Fig. 1
figure 1

Non-contrast computed tomography of the head performed on initial presentation showing high-density signals in the basal cisterns suggestive of acute subarachnoid hemorrhage (B, C, red arrow). There is a nonspecific hypodensity in the sellar region (A, red asterisk). Cerebral digital subtraction angiogram performed during the initial presentation shows a bi-lobed secular aneurysm of the anterior communicating artery with the aneurysm sac measuring 3.7 × 4 mm anteriorly and laterally (D, white arrow)

Pre- and postoperative periods were complicated with partial cranial diabetes insipidus. After recovery from the surgery, on further questioning, it was revealed that she has had polyuria, polydipsia, nocturia, and secondary amenorrhea for 6 months before the presentation. She has not sought any medical advice for the symptoms. She had no other symptoms or co-morbidities. She has not had any intracranial lesions in the past.

She was started on desmopressin, which produced improvement of symptoms. Pituitary hormone profile and pituitary magnetic resonance imaging (MRI) were performed after recovery from the acute event. Low gonadotropins for an amenorrheic female with low estradiol were noted 6 weeks after the surgery. Partial cranial diabetes insipidus persisted. Biochemical investigation results are summarized in Table 1. There was bitemporal upper quadrantanopia on visual field testing.

Table 1 Summary of biochemical test during the presentation

MRI-pituitary showed a 1.5 cm × 1.7 cm × 1.7 cm lesion occupying enlarged sella turcica with suprasellar extension and optic chiasmal compression. This lesion had high signal intensity on T1 and low signal intensity on the T2 phases of MRI. There was no contrast enhancement. (Fig. 2). A recurring or residual aneurysm was excluded with a CT angiogram.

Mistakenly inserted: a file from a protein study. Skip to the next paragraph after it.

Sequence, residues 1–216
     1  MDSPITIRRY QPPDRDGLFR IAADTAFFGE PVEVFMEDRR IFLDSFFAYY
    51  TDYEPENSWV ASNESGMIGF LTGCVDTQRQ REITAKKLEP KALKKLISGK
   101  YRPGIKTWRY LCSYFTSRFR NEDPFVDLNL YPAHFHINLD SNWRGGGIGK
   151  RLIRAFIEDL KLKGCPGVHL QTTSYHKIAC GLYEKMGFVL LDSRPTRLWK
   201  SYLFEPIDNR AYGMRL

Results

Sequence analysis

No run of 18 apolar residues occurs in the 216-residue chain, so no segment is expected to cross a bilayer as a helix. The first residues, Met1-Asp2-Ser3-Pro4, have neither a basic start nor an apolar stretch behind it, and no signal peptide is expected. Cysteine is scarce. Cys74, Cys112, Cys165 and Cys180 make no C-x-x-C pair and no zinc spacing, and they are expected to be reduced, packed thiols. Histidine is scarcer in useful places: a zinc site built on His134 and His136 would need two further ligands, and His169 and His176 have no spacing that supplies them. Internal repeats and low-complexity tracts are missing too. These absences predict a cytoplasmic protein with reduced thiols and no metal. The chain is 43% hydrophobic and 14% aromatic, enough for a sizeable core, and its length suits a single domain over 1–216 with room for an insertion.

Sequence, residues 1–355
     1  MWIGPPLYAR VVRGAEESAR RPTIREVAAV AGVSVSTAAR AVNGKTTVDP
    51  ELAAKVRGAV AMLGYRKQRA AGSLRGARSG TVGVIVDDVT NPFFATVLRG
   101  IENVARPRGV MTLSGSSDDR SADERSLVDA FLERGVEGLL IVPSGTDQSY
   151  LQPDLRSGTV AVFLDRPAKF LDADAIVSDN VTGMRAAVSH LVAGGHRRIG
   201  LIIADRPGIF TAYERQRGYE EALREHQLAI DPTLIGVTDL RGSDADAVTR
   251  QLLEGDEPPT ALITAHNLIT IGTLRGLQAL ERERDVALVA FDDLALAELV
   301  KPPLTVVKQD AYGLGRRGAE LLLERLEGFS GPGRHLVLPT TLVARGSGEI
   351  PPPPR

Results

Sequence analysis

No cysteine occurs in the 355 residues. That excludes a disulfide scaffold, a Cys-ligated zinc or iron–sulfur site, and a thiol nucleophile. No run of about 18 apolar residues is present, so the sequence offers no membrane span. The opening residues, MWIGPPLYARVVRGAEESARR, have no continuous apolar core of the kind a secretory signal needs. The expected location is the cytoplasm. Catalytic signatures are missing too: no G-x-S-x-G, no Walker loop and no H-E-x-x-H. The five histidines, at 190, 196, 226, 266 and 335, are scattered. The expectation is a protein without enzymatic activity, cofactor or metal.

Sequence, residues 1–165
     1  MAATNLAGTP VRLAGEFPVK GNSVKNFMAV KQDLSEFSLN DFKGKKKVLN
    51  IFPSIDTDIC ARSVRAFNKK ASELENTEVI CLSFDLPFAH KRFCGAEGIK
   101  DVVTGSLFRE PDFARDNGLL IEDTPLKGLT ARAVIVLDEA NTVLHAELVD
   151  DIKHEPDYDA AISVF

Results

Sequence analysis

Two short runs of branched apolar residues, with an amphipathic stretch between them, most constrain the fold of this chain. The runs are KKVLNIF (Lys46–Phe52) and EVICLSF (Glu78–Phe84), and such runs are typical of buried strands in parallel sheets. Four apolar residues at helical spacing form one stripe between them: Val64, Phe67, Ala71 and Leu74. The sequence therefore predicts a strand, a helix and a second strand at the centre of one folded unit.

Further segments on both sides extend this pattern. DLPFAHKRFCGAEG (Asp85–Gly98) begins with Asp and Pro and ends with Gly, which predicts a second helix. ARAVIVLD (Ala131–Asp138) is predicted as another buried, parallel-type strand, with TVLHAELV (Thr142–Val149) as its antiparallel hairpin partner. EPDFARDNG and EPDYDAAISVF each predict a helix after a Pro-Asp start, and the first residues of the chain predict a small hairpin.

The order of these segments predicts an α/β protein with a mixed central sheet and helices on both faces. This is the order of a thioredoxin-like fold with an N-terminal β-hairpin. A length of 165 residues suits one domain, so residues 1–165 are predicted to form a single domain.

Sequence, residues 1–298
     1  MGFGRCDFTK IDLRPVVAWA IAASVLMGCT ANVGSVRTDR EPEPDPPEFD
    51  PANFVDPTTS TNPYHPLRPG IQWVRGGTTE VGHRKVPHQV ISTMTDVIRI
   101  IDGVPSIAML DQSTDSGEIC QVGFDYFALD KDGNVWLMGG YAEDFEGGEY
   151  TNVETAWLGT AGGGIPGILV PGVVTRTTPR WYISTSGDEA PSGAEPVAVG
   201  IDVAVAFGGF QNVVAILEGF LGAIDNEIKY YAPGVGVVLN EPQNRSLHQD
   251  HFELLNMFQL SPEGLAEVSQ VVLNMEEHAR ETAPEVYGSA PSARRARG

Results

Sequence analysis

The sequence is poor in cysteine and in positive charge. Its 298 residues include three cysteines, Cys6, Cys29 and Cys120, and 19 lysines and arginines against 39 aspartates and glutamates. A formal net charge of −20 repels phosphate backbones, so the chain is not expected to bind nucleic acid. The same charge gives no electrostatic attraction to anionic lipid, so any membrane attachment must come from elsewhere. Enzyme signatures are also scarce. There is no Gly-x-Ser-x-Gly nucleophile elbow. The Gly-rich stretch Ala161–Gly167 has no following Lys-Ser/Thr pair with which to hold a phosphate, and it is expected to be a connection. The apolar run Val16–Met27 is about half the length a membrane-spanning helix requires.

Fig. 2
figure 2

Coronal (A) and sagittal (B) T1 post-contrast and T2 sagittal (C) sections of the magnetic resonance imaging of the pituitary region showing 1.5 cm × 1.7 cm × 1.7 cm cystic mass in the enlarged sella turcica (asterisk). The mass is T1 hyperintense and T2 hypointense. It has suprasellar extension causing optic chiasmal compression (white arrowhead). There is no contrast enhancement

She underwent trans-sphenoidal excision of the sellar lesion. The dural defect was repaired with a fascia lata graft harvested from the right thigh in combination with an artificial dural substitute. She was commenced on hydrocortisone replacement following surgery. Morning cortisol was 341 nmol/L, and free T4 was 0.603 ng/dL (0.93–1.7). Hydrocortisone, levothyroxine, and desmopressin were continued. The recovery was uneventful.

Histology showed cyst wall focally lined by stratified columnar epithelium. Wall showed sheets of foamy cells with multinucleated giant cells and pigment-laden foamy cells. Normal pituitary tissue was seen. There was no evidence of a pituitary tumor. Features were in favor of a Rathke’s cleft cyst.

Three-month postoperative MRI did not show any residual masses. She remained amenorrheic with low gonadotropins. She was started on combined oral contraceptive pills. At 1 year follow-up, she was clinically well while on levothyroxine and oral contraceptive pills. Hydrocortisone and desmopressin were omitted due to clinical and biochemical evidence of resolution of adrenocorticotrophic hormone and vasopressin, respectively. She is stable and satisfied with her current clinical status with a Global Physical Health Raw Score of 18/20 (90%) and Global Mental Health Raw Score of 16/20 (80%) according to the patient-reported outcomes measurement information system (PROMIS) scale [8].